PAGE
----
It took me only about two minutes of yoga class to realize that I don’t need to write about yoga class.* Writing about it right here and now, just a couple hours after class, is paradoxically what I need to do to give the experience justice and explain why I should stop writing about it.
The reasons I went to yoga were three-fold:
- I could really stand to do some yoga, something I realize in multiple places, including dance class and running. I can’t even sit comfortably on the floor with my legs crossed. It makes other people uncomfortable to watch me try.
- Brad, a dear colleague, mentor, and friend, teaches the class. This gave me a chance to see him, and the whole notion of yoga feels more approachable when it’s taught by someone as affable and comfortable as Brad.
- I thought that this could be another mode of teaching and learning that really deserves study.
That last point, that there’s something to be learned and worthy of documenting about Brad’s yoga class, is absolutely true. But it took me only those first two minutes to realize that I shouldn’t be doing this because I’d miss out on the actual experience (see point #1). Brad directed us through initial breathing and a refocusing of our selves to get the class started. I couldn’t do this and take mental notes; and I’m certainly not going to roll over and start scratching down quotes and observations on my notepad. I need to return to yoga over and over and take those practices home with me because I think it could help my body in a long overdue kind of way. It will help my running. It will help my psyche. The last thing I should do is spoil it by overthinking what’s going on.
I’ll close my exhaustive inquiry into yoga instruction with just these observations that I think are important. In fact, they’re probably the reasons why I’ll return:
- I could walk into this yoga class with zero knowledge of what was going on but with little apprehension. The first reason for this was because of the trust I have in Brad, both as a person and as an instructor. He’s given me advice as a faculty member and as a teacher that I live out daily, and that leads me to feel completely at ease when he tells me to reach back and pull my foot into some wholly unnatural position for me. It also helps that Brad is informal and easy going, and I’ve noticed that students in physics and yoga are comfortable in approaching him, asking questions, and just generally being relaxed in his presence. There’s a sense of calm and welcoming, and you get the impression that he accepts and likes all people as they are.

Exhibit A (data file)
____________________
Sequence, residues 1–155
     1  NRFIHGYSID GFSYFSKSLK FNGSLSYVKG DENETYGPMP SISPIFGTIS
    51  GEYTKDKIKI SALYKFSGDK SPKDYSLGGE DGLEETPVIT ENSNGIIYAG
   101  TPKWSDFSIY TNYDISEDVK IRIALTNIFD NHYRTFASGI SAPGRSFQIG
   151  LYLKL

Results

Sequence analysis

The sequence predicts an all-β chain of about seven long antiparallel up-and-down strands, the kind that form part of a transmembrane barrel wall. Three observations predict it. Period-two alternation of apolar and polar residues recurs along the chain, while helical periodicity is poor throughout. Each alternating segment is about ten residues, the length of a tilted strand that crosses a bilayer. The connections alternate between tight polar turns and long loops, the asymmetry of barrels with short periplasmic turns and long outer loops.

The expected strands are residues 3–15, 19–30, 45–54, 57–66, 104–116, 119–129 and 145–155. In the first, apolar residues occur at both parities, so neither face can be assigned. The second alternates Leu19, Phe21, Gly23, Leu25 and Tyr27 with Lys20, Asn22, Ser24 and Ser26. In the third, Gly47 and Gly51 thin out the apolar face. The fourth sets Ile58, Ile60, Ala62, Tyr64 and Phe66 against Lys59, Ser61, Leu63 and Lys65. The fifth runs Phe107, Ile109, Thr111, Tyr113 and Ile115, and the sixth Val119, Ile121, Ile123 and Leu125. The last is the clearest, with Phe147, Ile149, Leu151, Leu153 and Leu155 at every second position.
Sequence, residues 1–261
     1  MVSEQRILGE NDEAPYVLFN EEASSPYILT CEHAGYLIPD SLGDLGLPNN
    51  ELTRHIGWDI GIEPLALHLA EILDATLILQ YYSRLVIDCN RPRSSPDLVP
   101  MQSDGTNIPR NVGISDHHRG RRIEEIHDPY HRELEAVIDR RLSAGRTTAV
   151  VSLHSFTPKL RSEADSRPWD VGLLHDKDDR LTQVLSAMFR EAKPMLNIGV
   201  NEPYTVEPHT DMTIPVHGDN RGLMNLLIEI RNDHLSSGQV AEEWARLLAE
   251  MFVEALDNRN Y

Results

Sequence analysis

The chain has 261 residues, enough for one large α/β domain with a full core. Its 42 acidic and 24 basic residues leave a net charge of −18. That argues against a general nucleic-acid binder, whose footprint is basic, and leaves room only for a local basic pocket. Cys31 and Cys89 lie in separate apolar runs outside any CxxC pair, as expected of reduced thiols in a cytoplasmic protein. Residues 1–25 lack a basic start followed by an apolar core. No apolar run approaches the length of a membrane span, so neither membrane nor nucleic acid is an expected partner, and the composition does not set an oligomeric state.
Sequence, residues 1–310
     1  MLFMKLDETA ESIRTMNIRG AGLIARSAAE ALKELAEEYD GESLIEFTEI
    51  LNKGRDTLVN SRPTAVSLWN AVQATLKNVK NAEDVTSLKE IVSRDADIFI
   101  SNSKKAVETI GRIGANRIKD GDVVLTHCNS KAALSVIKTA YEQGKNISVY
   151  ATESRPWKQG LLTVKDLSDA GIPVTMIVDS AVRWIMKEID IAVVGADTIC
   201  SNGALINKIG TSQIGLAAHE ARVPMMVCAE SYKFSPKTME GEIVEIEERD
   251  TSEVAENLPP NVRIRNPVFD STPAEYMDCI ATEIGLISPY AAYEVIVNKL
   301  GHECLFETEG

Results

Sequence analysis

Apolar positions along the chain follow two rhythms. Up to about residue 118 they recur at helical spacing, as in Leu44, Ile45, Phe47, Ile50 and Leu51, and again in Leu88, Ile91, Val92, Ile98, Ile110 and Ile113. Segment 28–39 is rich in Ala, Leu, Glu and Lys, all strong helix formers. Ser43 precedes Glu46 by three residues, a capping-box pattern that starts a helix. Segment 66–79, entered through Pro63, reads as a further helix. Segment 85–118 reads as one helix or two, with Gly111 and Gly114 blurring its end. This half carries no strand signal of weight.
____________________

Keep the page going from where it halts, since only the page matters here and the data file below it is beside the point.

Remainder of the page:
- The second reason I could feel comfortable on a yoga mat was because there was almost no instruction that required any background knowledge beyond distinguishing right from left.* Terms were all familiar, and even the poses were described not by how they should look, but by what action I needed to take. “Put your weight into your left foot.” “Extend your right hand up to the ceiling.” “Feel the stretch in your inner forearms — this is good for people who work on a computer a lot.” It was a good example of how an expert should communicate to a novice, and that’s something that I see as critical in lots of other venues I’ve been observing over the last few months (dressage for adult humans and their horses, dance for college students, authentic science experiences for eighth graders, etc.).
- I enjoyed being there; others enjoyed being there; the instructor enjoyed being there. It was hard work, something I’m still feeling the effects of hours later and something I’m confident I’ll continue to feel tomorrow morning. But being “hard” and being “fun” aren’t exclusive, and a place where someone is telling you to do something that sounds like a cross between Twister and an unlawful interrogation technique, but ends up feeling good, is a good example of this. It’s similar to a good physics class in this way.
I’m sure there’s more to write about yoga instruction. And I’m sure that I shouldn’t try to do it. But I’ll go back. Namaste.
*I do need to write more about other things I’ve been doing. Those drafts are piled up in a mess of field notes and essay drafts, slowly filtering their way up through my sense-making.
**Incidentally, I think it’s amazing that we’re capable of keeping that straight, as well as east and west.